The 2014 rushing leader has signed with the Philadelphia Eagles, and will enter a crowded backfield that includes newly-signed Ryan Mathews and Darren Sproles. Despite the success that running backs have had in coach Chip Kelly's system in the past, this move is a virtual "death blow" for a few reasons. First, let's talk about how it affects Murray, who led all running backs in fantasy points last season.
The Oklahoma product touched the football 449 times during the course of the year and finished with 294.1 fantasy points. Let's do the math ... that's 0.65 fantasy points per touch. Now, let's look at the Eagles offense. In 2014, this unit ran the football 474 times, or 82 more times than Murray alone. Let's round that total up to 500 (the Eagles rush attempts in 2013) and split those carries up among the 2015 backfield of Murray, Mathews and Sproles.
Murray is a virtual lock to the lead all Eagles backs in carries, so let's give him 275 of the projected 500 attempts. That would leave Mathews with around 175 carries and Sproles with 50. Now, let's take a look at potential reception totals. In 2014, Eagles runners put up a combined 70 receptions. With Sproles in the mix, Murray's opportunities as a receiver out of the backfield are going to decline. It's a fact. In this scenario, I'll project him to lose more than half of the 57 receptions he had a year ago.
So, let's do the math.
If I project Murray to receive 275 carries and catch 25 passes, that gives him 300 touches ... or 40 fewer than LeSean McCoy had last season. And I think that's even a bit generous. Now let's multiply those 300 projected touches by the 0.65 fantasy-point-per touch average from 2014. That gives us 195 fantasy points, or close to 100 fewer points than he scored last season. Once again, I am being generous with Murray's touch totals (barring injuries to Mathews or Sproles), and he's still projected to score more than six fewer fantasy points per game.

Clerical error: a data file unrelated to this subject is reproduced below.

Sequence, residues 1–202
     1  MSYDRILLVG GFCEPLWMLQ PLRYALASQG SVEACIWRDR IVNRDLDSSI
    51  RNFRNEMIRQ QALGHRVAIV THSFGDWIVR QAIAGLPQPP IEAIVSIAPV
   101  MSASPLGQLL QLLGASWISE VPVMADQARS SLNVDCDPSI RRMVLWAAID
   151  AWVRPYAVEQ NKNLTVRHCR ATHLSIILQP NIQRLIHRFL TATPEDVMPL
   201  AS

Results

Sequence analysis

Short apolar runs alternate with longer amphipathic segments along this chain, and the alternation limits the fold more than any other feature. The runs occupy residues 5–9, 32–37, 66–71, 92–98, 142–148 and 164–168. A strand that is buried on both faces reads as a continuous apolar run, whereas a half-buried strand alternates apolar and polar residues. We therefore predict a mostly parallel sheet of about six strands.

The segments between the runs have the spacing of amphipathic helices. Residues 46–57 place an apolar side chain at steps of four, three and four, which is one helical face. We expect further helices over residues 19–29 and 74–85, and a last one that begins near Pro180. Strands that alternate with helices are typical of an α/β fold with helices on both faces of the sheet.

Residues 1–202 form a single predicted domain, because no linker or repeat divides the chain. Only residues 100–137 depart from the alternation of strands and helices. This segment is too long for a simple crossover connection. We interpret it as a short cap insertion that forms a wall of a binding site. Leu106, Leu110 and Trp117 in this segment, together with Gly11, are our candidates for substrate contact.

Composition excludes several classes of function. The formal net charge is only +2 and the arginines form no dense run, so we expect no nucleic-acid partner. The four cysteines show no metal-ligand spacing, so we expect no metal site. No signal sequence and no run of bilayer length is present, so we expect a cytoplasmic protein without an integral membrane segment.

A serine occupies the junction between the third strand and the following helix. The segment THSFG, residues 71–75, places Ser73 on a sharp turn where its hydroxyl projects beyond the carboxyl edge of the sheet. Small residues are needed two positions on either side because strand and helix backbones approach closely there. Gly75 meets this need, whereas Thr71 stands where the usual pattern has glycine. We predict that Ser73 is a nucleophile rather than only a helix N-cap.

Now, there will be a lot of fans out there who disagree with this assessment because Kelly's offense generates a ton of plays and "more than enough to go around." I would answer that question much like WWE's Mike the Miz ... "Really?" The Eagles already led the league in total offensive plays (1,127) last season, so how many more can he squeeze out of his team?
Not enough for three running backs to sustain consistent fantasy production. Not even close.
Aside from all of the stats I've thrown at you regarding offensive snaps, carries and touches, I haven't even brought up the fact that Murray is a breakdown candidate after a massive workload in 2014. If we look back at the history of NFL runners with 390-plus carries in a single season, well, the following year's production is often times a disappointment. Of the 10 instances in the Super Bowl era where at back has reached that mark, just one (Eric Dickerson, 1984) was able to duplicate even 90 percent of his previous season's production. Gerald Riggs (77 percent) and James Wilder (74 percent) were the lone runners other than Dickerson to duplicate better than 70 percent.
Not to be a "Negative Nancy" again, but there is very little to like about this move from a fantasy value perspective when it comes to Murray or Mathews. It also hurts the overall depth of the running back position, and it wasn't deep to start. Had Murray remained in Dallas and Mathews was the top runner in Philadelphia, well, that would have been a best-case scenario. But with these two together in the same backfield, even under Kelly, would you really feel comfortable leaning on either of them in a prominent role?
When it comes to Murray and Mathews, most notably the former, it's buyer beware.